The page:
Question Getting started with C#, OOP and other lovely things


New member
Jul 10, 2019
Programming Experience
Hi, all!

I've just started a new job as an automation tester using C# + Selenium. (I was using VBS from UFT in my other job)

The way they work here is so different with what I was doing, just to mention something that I noticed after some research:
- They use OOP, so I'm seeing Interfaces, Inheritance, access modifiers like protected, virtual, etc. (May sound obvious, but I was working with Structured programming, so seeing this concepts in action confuses me quite a lot.)
- They use high order functions, lambda expressions, generic classes and LINQ. I'm talking about tools that have a different way of being written and may confuse some newbie like me.
- I feel like they use other things related to C#.Net Frameworks.

I have made a C# and an OOP introduction courses but as usual those are not enough to handle a real job.
I struggle to understand some situations that I face, why sometimes it gives X error and how to fix it. So my day goes by making tons of tries and I can't feel I'm really learning and, whatever the output of my effort is, I have to put its quality in doubt because of bad practices I may be doing.

Could you recommend me something to improve my learning phase? You can say "Hey, you just listed a lot of things you can Google! Go do it!" or "There's nothing to say, it's about having a lot of hours coding." and yes, you're right, but since I'm already in the game and there is a LOT of material available for every topic I mentioned I'd wish I could go through this learning phase in a better way, if you have some material to share I'd be really thankful.

Thank you in advance!
To learn the "why" and a little bit of the "what" for C# and object oriented programming, I used to recommend the "Effective C#" and "More Effective C#" books. Reading the reviews of the third edition though makes me have some doubts about continuing to recommend them. Perhaps get the first or second edition -- should be cheaper now that there is a third edition that is out. The books presume that you already know how to program but want to hone your skills.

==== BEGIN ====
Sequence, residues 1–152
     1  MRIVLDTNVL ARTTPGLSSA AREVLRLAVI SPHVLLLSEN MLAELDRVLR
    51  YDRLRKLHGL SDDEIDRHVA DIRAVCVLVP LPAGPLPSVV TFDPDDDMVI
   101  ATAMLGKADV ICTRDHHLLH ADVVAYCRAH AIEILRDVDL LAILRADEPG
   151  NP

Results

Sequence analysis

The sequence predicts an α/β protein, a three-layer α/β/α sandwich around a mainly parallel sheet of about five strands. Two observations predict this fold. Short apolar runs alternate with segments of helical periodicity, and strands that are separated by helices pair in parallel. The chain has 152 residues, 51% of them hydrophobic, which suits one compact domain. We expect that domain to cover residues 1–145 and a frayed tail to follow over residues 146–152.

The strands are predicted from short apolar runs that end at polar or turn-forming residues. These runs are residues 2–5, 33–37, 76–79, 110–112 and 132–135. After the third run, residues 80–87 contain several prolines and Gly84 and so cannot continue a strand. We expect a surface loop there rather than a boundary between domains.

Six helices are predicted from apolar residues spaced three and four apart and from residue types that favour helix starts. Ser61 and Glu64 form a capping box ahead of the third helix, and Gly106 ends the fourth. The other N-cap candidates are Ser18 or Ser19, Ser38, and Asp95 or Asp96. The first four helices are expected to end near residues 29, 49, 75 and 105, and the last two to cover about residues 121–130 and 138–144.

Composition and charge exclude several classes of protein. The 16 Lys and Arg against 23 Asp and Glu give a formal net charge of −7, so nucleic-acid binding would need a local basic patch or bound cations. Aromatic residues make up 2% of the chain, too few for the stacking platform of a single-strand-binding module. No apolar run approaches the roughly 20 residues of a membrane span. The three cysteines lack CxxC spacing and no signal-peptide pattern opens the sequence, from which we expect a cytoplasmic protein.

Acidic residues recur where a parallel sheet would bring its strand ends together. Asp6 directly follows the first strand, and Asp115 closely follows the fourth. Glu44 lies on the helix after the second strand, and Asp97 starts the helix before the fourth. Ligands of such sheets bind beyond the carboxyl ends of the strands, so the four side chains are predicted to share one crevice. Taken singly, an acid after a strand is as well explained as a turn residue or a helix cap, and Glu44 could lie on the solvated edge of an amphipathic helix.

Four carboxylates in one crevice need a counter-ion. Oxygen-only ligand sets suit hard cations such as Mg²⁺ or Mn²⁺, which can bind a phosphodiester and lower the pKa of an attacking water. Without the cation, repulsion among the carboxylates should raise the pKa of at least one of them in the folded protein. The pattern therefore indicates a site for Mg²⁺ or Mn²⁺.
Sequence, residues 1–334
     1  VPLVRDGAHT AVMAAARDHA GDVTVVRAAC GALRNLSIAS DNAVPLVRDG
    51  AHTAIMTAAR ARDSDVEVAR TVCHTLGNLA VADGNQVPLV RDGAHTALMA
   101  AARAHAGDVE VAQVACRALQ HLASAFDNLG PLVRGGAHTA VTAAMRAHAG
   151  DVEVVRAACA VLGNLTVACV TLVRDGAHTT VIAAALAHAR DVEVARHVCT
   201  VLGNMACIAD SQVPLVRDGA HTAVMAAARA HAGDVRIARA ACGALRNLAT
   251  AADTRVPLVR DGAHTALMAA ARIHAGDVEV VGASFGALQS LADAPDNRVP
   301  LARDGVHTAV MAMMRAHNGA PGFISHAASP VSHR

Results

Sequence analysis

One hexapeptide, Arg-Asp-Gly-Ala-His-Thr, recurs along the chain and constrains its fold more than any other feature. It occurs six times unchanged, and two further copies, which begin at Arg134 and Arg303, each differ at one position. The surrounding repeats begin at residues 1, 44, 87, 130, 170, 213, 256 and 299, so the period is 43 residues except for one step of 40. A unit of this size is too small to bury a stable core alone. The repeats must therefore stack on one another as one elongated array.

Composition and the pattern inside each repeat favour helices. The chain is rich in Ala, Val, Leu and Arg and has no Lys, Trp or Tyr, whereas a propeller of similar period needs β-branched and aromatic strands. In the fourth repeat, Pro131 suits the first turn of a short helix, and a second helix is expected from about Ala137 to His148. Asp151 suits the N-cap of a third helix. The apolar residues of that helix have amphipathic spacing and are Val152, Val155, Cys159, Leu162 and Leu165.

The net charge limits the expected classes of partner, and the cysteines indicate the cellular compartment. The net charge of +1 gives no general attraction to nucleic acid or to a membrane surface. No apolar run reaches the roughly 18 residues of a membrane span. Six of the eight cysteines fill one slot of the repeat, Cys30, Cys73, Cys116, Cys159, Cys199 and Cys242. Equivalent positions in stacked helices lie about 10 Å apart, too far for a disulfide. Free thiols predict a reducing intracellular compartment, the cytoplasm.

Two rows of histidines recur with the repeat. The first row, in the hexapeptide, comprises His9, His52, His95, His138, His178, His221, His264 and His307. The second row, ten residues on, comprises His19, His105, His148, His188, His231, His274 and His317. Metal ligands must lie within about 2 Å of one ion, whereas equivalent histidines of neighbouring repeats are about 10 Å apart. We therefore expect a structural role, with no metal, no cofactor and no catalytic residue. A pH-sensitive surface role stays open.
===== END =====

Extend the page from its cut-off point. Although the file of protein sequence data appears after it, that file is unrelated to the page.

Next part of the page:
As for that transition from structured programming over into object oriented programming, I can sympathize. Since I had originally taught myself BASIC, 6502 Assembly, Forth, and Pascal, and later learned C, moving into C++ was an interesting learning curve. To make matters worse, I was learning C++ as "C with classes", so I still essentially writing structured code, rather than object oriented code. At that time for me, encapsulation was just a way to organize and protect variables and functions; inheritance was just a way to minimize code duplication and a way to organize code; and polymorphism was just a way to not have to deal with raw function pointers. The light bulb didn't light up for me until somebody said something like "object oriented programming depends on message passing and not caring how the message is handled". Suddenly those words meant more to me since I didn't really have to care about how an object was implemented, I simply needed to talk to its interface and it would give me a response back. As structured programmers, we inherently think about the minutea and micromanaging things, and keeping track of any side effects. As an object oriented programmer, we tend to think at a higher level and trusting that objects do what they are supposed to do without any side effects.
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